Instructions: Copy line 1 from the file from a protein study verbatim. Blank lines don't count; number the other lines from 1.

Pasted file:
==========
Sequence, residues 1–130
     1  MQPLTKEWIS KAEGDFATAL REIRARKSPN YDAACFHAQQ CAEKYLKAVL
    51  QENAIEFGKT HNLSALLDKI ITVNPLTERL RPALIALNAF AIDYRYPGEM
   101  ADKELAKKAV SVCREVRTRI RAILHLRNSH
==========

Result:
Sequence, residues 1–130